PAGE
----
An FOB feeling happy after reading Eddie Huang’s Fresh Off the Boat


It starts with the food bullying that I feel I can relate to Eddie Huang‘s story. Cleverly, he begins the book with dimsum, so that got my interest, but he talked about dimsum for less than 2 pages. The food bullying though, where his classmates said that his food smelled bad, that he wanted the white kid lunches, that’s where my memories came back. The bully for me wasn’t in school and wasn’t by the kids. Comments, always by adults and mostly white females, that the food my mom made made the house smell bad, or the stuff I eat or drink that they haven’t heard of, much less tried, is “gross”, are this pet peeve of mine that I can’t forgive. Sure, they may not be intended to hurt me or anyone specifically, but they’re never well-meaning. They are too minute to confront the speaker about, so I have no way to tell the speaker that she’s disrespecting my whole culture. They are the papercut stings that you feel every time you wash your hands. Eddie Huang and I don’t have anything in common, except we both being born to Asian parents. […]

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Save one meal each month for moon bears


This is Wilfred. He lives in Chengdu, China. He’s an early-middle-age moon bear (not because he’s from the Moon but because like everyone in his species, he has a moon-shape patch of yellow fur on his chest). He likes watermelon and loves to climb. On paper, he’s my sponsored bear. Wilfred is blind in both eyes, most likely a result of the poor treatment for bile-farmed bears. But at least he’s alive and now cared for in an animal shelter, something that thousands of his species can only dream of while being barred in iron cages, fed only gruel and extracted bile twice a day. Bile farming — In Asia, there’s a belief that bear bile, a digestive juice produced from the liver and stored in the gall bladder, has medicinal effects. This belief originates from China, spreads to the neighboring countries, and results in the shameful practice of bile farming. Wild bears are hunted and kept captive in “bile farms”, where their abdomens are pierced to extract the bile from the gall bladders twice a day. Only rarely is there anesthesia, their abdomens are either stabbed repeatedly until the gall bladder is found, or the […]

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Work at the Farmers’ Market


September was an extremely busy month. In addition to the usual school work, teaching, a part-time job and my editor job at the Daily Cal, I took on editing a special issue on Food (how could I resist?) and I worked for Sinto Gourmet for two weekends (again, it’s food work, I just couldn’t resist). The first weekend, Hyunjoo Albrecht, Sinto’s owner, asked me to be at the Stonestown Farmers’ Market at 7:30 am on a Sunday. I told myself that waking up early is good for me, and that after the Farmers’ Market finished I would have the rest of the day to study. That was all good in theory, until I couldn’t sleep the night before and ended up working all night, then begrudgingly got dressed to leave at sunrise. (My friend Nancy was so unbelievably kind to drive me all the way from Berkeley to Stonestown, otherwise, I would have had to take the bus at 5:30 am and made a few transfers) After leaving me with the kimchi, Hyunjoo rushed to another Farmers’ Market to set up her stall. Other vendors slowly arrived and filled up […]

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Andy Warhol’s quotes on food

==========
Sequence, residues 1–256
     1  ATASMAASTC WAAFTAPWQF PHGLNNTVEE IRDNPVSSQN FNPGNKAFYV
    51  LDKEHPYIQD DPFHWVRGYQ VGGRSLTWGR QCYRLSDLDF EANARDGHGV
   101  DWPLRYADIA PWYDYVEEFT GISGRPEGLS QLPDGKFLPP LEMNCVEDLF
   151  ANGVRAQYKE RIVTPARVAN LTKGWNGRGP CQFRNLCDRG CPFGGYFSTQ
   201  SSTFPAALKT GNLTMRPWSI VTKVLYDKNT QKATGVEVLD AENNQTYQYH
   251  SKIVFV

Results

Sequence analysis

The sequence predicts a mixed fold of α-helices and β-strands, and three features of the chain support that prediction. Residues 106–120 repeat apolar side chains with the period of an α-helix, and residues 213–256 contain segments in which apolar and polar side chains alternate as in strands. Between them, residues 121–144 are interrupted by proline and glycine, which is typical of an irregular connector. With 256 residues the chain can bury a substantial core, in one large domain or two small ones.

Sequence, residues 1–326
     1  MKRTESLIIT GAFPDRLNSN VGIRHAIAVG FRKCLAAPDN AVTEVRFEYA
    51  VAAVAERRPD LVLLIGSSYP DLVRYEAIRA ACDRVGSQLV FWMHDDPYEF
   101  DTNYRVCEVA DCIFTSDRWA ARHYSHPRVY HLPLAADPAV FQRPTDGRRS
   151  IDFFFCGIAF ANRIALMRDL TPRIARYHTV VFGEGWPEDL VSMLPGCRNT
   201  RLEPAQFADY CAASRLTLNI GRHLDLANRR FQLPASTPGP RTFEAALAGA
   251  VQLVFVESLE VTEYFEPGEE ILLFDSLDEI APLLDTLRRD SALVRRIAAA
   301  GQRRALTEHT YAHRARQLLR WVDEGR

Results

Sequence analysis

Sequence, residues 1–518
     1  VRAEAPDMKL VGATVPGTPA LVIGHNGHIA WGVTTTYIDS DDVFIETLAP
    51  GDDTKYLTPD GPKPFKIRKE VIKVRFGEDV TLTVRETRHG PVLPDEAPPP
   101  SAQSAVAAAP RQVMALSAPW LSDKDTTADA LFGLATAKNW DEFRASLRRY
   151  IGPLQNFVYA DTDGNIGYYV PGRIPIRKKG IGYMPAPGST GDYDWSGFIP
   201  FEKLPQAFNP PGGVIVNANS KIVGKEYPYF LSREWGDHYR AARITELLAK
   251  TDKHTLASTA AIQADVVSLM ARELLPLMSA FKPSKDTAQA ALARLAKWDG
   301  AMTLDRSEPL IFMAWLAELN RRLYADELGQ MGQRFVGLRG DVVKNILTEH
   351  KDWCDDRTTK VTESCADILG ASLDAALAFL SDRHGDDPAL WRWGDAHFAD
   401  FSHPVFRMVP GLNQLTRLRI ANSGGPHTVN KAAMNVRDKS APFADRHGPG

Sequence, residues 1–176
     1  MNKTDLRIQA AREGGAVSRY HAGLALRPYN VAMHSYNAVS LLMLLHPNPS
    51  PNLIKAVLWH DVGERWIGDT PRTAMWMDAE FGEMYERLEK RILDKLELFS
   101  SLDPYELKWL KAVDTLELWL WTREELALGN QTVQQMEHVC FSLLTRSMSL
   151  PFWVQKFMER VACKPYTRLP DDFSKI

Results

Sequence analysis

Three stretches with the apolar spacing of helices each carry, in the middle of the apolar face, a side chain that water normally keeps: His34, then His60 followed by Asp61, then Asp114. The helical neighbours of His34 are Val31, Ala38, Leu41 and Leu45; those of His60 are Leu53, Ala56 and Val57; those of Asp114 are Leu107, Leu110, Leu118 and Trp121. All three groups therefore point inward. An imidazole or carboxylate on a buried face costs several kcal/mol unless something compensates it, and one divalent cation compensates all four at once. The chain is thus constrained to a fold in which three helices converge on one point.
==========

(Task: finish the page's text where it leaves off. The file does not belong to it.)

Around spring of 2012, I discovered The Philosophy of Andy Warhol. I’m not a fan of his art works. (I like traditional arts, he’s the most prominent figure in American pop arts, which I actually find weirdly fascinating, though.) His life was the exact opposite of mine. (To start, he’s somebody, I’m nobody.) But I find his view on life strangely resonating and, thus, comforting. Andy Warhol was also big on food. Very American, very industrial food, but still food. A nice portion of his art works features Campbell’s tomato juice and soups, ice cream, hamburgers and bananas [which I can’t show here because it would entail paying fees ($40 per image) to the Andy Warhol Museum and many legal steps to obtain permission from the Artist Rights Society (I checked). As much as I want to support arts, my humble blog is in no condition for such extravagance. Besides, Google Images does a great job]. Back to food, in the third “Men in Black” movie, when Agent J (Will Smith) goes back in time to stop alien crime stuff, he […]

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Interview with the owners of Homestead


Early August, I had a great meal at Homestead, one of the newest additions in Oakland’s restoscape. The meal was a media invite – one benefit of working at the Daily Californian – and the owners were incredibly generous at letting us order everything we wanted at no charge, which turned out to be, as it always goes when Kristen and I dine together, everything on the menu. But that’s not the best part of a food writing job. The best part was the interview. The chefs are always busy of course, but they were willing to set aside an hour the next Monday morning to chat. Afterwards, I gained 48 minutes and 31 seconds of recording, part of which I transcribed into 6 full pages of typed notes, a load of information about opening and running a restaurant, and so much positive emotion. Earlier last week, I struggled to choose which pieces of information and which quotes should make it into my article to fit the word limit for print – there were just too many valuable details. Unlike news reporting, a feature must also follows a theme, and someone’s life is a lot more […]

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8 perks of eating out alone

Party of One by Anne Teigen I stumbled on this painting while reading an Art of the Soul blog post.